Concerning the prior conception requirement, the PTAB found that the record provided substantial evidence that Andersen conceived the claimed subject matter prior to GED.14 Conception is the formation in the inventor’s mind of a definite and permanent idea of the complete and operative invention, as it is to be practiced.15 The evidence of record for conception includes the following: Oquendo’s testimony describing how he became aware that the IGU seal failures were due to a seam at the spacer frame corner and his idea to move the seam away from the corner; a March 2009 prototype depicting the offset seam location; May/June 2009 CAD drawings illustrating the seam offset from the spacer frame corner; evidence that other individuals witnessed Oquendo’s conception and reduction to practice of his invention; and a detailed mapping of the evidence of record to all features recited in the claims of the ’953 Patent.16 The PTAB held that this evidence, if unrebutted, was sufficient to show Andersen’s prior conception of GED’s claimed subject matter.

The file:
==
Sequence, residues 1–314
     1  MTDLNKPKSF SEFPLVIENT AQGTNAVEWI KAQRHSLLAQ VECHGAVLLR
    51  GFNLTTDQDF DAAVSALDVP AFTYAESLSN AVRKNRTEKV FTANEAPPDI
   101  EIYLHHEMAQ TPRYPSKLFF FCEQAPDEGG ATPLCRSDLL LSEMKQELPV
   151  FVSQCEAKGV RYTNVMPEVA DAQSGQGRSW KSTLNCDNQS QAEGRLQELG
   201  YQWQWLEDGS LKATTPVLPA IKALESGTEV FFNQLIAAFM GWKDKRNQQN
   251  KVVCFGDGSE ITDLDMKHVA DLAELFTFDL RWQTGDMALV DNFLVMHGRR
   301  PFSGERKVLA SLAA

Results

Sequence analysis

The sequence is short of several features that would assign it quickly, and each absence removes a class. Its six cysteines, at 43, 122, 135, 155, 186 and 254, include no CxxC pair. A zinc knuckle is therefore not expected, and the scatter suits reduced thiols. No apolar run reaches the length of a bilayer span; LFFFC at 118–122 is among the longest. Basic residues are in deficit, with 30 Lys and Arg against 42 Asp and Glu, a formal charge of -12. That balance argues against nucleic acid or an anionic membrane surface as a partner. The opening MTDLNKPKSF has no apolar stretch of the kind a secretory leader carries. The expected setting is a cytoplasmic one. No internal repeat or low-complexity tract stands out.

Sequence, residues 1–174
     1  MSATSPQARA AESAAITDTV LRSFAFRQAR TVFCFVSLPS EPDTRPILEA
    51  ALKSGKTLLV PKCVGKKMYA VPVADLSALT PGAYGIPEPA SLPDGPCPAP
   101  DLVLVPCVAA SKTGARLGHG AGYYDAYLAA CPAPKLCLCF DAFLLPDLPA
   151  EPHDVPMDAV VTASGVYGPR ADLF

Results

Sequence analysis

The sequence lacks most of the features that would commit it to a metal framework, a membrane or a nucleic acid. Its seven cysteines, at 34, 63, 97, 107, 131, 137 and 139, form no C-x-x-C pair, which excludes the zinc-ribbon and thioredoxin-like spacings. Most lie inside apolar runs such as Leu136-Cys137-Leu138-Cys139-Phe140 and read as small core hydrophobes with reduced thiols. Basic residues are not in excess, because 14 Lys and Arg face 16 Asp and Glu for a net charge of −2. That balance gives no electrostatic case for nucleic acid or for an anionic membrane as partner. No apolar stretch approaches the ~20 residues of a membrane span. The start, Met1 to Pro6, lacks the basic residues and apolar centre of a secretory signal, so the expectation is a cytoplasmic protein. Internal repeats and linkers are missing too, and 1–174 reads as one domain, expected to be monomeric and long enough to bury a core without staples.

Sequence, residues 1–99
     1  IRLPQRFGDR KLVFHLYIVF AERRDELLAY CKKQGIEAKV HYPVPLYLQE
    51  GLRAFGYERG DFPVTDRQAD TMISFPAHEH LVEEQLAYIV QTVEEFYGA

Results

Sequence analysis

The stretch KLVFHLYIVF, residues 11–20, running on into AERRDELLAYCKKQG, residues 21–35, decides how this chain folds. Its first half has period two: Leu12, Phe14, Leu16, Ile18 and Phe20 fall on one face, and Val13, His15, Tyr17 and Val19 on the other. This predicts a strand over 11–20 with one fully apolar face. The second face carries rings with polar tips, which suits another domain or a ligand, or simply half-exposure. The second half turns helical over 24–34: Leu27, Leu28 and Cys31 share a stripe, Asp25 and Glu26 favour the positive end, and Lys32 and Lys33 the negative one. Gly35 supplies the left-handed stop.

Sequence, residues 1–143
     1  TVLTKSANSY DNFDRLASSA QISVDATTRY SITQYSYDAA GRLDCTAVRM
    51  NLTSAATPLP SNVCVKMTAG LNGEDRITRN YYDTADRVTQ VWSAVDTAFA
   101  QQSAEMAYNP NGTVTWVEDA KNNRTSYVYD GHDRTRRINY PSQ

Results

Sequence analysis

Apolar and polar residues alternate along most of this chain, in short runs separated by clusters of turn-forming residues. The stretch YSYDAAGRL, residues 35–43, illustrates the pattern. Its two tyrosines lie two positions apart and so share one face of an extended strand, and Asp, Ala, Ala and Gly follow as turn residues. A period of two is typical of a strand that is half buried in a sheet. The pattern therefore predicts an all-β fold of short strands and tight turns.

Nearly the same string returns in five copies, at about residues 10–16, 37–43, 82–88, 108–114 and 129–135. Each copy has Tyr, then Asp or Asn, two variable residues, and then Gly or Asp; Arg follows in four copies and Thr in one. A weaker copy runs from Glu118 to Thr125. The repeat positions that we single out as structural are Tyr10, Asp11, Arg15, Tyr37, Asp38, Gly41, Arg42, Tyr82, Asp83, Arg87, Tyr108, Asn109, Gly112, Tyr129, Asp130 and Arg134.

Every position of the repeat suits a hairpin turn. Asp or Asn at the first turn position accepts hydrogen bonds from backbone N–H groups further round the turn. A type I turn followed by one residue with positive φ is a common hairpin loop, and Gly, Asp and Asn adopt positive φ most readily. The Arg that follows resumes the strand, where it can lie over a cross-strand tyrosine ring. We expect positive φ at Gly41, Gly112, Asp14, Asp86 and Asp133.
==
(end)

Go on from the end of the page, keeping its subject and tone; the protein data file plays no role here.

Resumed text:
Regarding communication of that conception, the PTAB also found that the record provided substantial evidence supporting Andersen’s contention that Oquendo’s allegedly conceived invention was communicated to Briese and others at GED.17 Corroborating evidence must show that the inventor disclosed to others his completed thought expressed in such clear terms as to enable those skilled in the art to make the invention.18 The evidence of record for communication includes the following contentions by Andersen: GED first learned of Oquendo’s invention at a March 2009 symposium, supported by an email from a GED employee to Briese and a Glass Symposium Review; GED received additional details of Oquendo’s invention around June of 2009, supported by an email from Bries to Oqendo and an email from Oquendo to an engineer at Andersen; GED obtained detailed drawings of Oquendo’s invention and knew the invention was complete, supported by a certificate from GED pertaining to the completion of a service training by Oquendo and an email from Briese to Oquendo; and GED marketed Oquendo’s invention at a trade show in 2004, supported by a declaration of an Andersen employee.19 The PTAB held that this evidence, if unrebutted, was sufficient to show communication of Andersen’s alleged conception to GED.